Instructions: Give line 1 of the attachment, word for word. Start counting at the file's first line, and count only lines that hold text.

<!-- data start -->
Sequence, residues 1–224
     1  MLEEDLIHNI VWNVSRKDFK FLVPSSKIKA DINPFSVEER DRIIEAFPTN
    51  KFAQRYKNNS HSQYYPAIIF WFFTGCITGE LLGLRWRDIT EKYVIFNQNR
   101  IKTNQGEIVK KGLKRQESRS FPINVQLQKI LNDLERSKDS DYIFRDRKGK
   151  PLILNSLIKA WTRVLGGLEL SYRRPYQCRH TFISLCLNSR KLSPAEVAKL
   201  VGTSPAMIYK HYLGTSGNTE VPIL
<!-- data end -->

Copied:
Sequence, residues 1–224